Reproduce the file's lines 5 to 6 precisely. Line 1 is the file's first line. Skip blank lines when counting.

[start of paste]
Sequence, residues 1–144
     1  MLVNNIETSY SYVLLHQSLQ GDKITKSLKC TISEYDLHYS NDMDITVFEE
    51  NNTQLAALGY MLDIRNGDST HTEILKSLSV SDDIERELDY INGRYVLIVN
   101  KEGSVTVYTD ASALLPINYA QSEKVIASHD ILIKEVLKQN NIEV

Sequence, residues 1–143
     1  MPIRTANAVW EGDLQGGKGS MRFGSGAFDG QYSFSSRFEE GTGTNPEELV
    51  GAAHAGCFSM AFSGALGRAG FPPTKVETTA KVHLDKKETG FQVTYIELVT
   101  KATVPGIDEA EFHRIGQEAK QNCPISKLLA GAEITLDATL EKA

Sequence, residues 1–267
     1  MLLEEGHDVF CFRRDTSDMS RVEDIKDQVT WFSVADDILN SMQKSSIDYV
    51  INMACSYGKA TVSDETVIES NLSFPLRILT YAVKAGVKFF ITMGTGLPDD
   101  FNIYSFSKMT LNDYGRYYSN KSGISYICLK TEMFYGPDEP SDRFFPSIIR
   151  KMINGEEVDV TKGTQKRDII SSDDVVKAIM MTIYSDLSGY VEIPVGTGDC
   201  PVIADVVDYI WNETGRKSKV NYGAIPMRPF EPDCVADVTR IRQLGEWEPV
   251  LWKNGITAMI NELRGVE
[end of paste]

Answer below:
Sequence, residues 1–143
     1  MPIRTANAVW EGDLQGGKGS MRFGSGAFDG QYSFSSRFEE GTGTNPEELV